My career choice baffled most people. No one studied ancient technology anymore. The bots handled repairs and created more bots when necessary. Humans were superfluous in this equation. The technology was simply there and continued to work under automation.
For me, ancient technology held a mystery that had intrigued me from early childhood. Who had designed it? Why had our civilization forgotten everything we once knew? Dan and I spent our time trying to unravel the intricate code so we could understand how it worked. It wasn’t an occupation that appealed to many people. Still, it did have a mysterious and wealthy benefactor who offered grants, making it a viable career choice.
I flipped my backpack closed. “You’ll be there, won’t you?” I felt a little needy voicing this. My sister couldn’t make it, she’d said, but I’d read between the lines. Ella didn’t do big cities. Visiting me once a month stretched her comfort zone to the limit. An awards ceremony with the chancellor in attendance would make her break out in hives.
I loved my sister, but we had very little in common, for all we looked so similar.
“Wouldn’t miss it for the world,” Dan said, smiling warmly.
“Thank you,” I said, feeling an unexpected surge of emotion that my parents weren’t alive to see this day.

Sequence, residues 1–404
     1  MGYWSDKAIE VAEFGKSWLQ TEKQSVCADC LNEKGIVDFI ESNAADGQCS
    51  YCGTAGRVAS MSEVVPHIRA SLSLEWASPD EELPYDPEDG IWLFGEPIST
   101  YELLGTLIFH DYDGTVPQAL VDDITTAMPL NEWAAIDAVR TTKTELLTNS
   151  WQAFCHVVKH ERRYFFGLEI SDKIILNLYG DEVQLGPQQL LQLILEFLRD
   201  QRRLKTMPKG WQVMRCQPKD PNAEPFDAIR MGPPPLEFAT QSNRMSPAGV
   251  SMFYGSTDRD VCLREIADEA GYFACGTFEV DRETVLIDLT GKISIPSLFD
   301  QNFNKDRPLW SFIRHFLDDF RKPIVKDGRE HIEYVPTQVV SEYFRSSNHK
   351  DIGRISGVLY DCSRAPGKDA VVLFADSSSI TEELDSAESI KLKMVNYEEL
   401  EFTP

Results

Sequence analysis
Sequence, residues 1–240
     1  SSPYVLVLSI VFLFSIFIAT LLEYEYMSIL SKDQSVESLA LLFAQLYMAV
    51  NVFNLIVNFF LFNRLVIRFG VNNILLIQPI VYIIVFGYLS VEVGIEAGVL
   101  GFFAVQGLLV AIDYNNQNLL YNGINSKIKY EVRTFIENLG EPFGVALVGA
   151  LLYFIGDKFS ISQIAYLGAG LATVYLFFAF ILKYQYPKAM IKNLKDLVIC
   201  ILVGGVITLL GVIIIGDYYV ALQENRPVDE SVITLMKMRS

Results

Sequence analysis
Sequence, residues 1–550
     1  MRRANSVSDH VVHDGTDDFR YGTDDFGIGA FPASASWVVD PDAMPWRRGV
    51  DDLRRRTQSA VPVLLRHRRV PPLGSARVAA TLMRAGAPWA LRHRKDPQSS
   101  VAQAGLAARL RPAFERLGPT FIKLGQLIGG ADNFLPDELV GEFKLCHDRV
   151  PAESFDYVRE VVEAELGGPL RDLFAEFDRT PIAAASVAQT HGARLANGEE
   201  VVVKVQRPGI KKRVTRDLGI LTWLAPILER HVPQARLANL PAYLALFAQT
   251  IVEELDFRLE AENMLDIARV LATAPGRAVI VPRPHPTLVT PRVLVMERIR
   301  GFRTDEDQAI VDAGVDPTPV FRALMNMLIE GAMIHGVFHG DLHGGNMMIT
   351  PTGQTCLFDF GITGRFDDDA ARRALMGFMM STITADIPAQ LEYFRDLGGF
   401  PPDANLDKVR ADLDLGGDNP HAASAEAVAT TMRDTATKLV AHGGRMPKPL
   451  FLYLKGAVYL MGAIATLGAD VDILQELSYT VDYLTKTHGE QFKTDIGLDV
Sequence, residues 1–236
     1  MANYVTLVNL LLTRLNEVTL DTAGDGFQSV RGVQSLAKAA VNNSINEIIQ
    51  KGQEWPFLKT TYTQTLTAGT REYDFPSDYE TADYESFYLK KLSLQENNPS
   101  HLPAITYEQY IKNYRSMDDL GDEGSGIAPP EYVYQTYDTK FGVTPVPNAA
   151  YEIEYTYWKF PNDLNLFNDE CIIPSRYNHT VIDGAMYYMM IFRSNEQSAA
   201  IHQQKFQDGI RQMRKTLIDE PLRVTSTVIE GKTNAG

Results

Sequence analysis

“Hey,” he said, bony fingers enclosing mine. “It’s okay to miss them, Hannah. They would have been proud of you.”
“Thanks, Dan,” I said, close to tears as I squeezed his hand back.
I left for home, determined not to wallow in my past. It was midday, and the monorail carriages were busy. By the time I arrived at my apartment, I only had an hour before the skycar would collect me for the event.
A buzzing came from inside my backpack, and I fumbled for my cell while slamming the apartment door shut. The luxury of a retina viewer was as yet beyond my means, but the cell did the job. Dropping my backpack on the couch, I found a message waiting from Brad. I wasn’t in the mood to talk to him, but I hit play against my better judgment.